3 Tax and estate planning is more critical than ever when moving to—or buying in— a new state
“State to state, it’s so different, they need (to have the right advice) to structure appropriately,” said Marvin Jolly, regional senior vice president of sales, Berkshire Hathaway HomeServices PenFed Realty Texas. In just one example, Texas is one of nine “community property” states, which changes the scope of property ownership for a home acquired during marriage. Delory noted that additional implications occur if someone is buying a primary residence versus an investment property. In certain cases, he will structure deals to help clients reduce tax liability from things like capital gains or
work property into a broader estate plan. In all cases, the help from an established team of professionals to navigate all of this remains paramount.
4 Slowly, but surely, climate is influencing migration
“It’s something to watch,” Jolly said. He noted that while his state’s electrical grid failure in 2021 didn’t move the needle on migration as much as everyone thought it might, the increased installation of solar panels in new and existing homes is bringing up new issues for both in- and out-of-state transactions. “We’re seeing the transfer of those panels becoming an issue,” he said. In cases where solar panels have been leased and not purchased outright, who owns the resulting power—and potential savings from selling that power back to the grid—can be a point of contention. There are sure to be more unrealized issues ahead as more luxury buyers search for independence and resilience in their home purchases, especially in light of more frequent and extreme weather-related events.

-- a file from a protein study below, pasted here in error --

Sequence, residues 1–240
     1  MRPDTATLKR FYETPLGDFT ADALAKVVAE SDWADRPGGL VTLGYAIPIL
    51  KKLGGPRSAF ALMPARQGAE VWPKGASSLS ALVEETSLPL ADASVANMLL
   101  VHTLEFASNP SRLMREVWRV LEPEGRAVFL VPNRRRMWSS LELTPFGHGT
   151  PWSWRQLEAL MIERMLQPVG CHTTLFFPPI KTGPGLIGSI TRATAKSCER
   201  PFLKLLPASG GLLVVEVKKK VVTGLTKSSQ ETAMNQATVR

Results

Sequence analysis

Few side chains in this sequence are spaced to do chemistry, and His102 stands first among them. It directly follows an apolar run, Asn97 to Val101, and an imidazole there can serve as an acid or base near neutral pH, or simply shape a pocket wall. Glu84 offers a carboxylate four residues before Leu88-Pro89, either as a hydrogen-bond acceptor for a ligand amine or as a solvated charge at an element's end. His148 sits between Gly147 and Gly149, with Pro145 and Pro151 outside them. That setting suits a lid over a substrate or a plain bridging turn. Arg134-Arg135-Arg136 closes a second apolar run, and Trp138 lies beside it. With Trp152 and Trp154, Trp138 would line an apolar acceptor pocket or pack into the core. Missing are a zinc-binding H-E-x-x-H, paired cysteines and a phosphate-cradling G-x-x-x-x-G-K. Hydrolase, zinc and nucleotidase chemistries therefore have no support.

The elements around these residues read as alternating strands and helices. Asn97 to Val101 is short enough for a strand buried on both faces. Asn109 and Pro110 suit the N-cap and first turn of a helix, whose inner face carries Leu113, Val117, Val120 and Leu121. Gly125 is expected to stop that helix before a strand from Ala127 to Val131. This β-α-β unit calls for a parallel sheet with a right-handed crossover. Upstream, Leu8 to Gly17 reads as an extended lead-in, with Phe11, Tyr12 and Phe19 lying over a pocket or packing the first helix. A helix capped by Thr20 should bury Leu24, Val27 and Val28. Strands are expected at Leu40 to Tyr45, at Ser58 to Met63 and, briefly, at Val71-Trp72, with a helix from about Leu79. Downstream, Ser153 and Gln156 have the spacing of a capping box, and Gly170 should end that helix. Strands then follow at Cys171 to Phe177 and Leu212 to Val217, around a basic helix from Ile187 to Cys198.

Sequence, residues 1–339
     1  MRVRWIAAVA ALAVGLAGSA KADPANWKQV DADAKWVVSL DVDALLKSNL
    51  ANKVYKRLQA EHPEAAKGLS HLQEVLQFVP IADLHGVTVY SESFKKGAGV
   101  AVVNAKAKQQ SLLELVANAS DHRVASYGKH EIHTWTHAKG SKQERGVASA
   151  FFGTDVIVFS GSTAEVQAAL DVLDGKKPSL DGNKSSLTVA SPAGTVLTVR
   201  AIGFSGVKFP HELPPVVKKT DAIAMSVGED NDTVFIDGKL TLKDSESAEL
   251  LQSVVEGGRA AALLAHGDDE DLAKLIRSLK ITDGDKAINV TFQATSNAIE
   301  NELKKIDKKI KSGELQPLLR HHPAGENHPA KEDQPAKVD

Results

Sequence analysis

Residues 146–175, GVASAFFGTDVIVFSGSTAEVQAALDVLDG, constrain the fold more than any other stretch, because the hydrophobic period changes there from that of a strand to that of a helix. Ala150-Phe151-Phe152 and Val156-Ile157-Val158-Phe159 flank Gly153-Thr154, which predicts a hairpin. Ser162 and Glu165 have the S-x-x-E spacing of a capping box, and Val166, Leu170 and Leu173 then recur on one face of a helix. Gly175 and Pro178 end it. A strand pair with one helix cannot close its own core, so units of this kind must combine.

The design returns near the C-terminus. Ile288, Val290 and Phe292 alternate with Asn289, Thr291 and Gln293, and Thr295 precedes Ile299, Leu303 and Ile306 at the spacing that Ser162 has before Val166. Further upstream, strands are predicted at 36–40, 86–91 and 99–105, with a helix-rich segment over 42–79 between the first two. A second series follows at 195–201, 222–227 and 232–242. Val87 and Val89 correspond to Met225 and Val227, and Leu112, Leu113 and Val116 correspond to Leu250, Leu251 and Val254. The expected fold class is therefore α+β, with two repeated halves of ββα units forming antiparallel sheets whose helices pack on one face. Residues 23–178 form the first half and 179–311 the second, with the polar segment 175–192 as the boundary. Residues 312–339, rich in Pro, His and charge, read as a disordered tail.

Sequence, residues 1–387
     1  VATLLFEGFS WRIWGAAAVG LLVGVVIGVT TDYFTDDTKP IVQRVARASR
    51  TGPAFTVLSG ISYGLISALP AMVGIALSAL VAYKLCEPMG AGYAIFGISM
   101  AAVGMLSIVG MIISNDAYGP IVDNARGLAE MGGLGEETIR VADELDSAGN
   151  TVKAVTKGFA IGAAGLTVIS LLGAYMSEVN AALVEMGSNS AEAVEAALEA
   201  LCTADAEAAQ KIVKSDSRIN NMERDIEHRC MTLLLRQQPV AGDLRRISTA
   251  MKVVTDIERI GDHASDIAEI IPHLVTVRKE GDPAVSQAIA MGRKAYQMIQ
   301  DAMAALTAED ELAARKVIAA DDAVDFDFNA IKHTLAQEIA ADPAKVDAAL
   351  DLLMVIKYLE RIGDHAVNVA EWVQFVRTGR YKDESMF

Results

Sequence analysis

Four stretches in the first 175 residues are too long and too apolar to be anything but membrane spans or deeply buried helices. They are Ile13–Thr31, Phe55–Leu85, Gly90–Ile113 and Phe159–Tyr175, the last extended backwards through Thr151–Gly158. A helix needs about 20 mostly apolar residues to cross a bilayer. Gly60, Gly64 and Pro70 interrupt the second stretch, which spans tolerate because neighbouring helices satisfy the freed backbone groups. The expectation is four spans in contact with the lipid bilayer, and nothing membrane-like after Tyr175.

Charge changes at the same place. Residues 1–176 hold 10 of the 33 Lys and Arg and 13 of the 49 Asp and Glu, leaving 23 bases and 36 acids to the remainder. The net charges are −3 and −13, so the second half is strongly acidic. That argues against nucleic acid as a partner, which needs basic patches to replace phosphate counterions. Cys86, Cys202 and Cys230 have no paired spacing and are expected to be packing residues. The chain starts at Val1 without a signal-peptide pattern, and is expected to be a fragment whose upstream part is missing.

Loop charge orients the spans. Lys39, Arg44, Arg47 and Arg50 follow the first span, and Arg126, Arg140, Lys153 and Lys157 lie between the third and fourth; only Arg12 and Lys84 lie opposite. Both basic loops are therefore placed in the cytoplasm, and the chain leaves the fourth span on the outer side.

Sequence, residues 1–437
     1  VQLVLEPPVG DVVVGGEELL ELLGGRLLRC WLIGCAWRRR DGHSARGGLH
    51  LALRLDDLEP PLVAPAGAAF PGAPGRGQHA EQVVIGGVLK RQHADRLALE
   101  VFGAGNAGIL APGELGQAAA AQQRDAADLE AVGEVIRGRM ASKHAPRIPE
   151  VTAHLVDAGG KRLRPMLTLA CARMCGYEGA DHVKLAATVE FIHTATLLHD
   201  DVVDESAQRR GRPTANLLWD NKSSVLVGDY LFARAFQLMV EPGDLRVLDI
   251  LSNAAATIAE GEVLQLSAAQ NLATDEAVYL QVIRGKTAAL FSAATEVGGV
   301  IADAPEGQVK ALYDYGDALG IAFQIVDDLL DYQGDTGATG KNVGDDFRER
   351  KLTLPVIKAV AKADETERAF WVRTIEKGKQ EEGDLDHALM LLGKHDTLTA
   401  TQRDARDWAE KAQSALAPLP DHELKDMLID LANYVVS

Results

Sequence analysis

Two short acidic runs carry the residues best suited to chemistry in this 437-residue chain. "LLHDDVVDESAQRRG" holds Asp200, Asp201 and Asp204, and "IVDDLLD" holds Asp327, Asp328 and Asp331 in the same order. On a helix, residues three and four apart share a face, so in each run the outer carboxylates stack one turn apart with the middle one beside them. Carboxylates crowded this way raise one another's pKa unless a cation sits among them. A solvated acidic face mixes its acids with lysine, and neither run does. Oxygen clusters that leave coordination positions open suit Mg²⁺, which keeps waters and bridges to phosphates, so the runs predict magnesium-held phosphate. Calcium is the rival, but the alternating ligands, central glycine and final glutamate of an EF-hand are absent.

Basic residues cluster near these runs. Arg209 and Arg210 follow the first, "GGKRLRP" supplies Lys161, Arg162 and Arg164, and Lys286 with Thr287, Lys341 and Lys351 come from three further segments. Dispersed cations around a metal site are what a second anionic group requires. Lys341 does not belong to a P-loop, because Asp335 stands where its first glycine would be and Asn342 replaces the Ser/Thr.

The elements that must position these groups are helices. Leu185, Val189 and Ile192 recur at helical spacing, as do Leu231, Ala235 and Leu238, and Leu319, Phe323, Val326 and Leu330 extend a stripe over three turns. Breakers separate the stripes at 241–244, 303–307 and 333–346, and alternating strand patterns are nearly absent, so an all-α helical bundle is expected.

5 Don’t leave everything to the builder or contractor
In the cases of new-home construction or a comprehensive remodel, it’s easy to leave most of the decisions and sign-off to the lead contractor. “It’s very dangerous to rely on the builder alone, and to assume they’ll do everything right,” Delory said. Although his practicing state of Massachusetts requires a limited warranty on certain home components, he advises to write into an agreement a more comprehensive warranty to cover things buyers may not see until after they’ve moved in.Troy CEO Berkshire Hathaway HomeServices Arizona Properties, California Properties and Nevada Properties
We are back into a market that is directed by lifestyle, environment and investment opportunities.”
This year's survey respondents signaled slightly more inventory. Last year, 51.61% of respondents said inventory was very low and 38.71% said it was low.
Above: In Park City, Utah, where private aviation options are treasured, this home on a fouracre lot offers majestic views.
Left: Advancements in the aviation industry have helped lessen hesitance around living near private airports.
The Hottest New Amenity Could be Proximity to a Private Airport
As the world has become more interconnected, proximity to airports—especially of the private variety—can help boost real estate values, according to experts.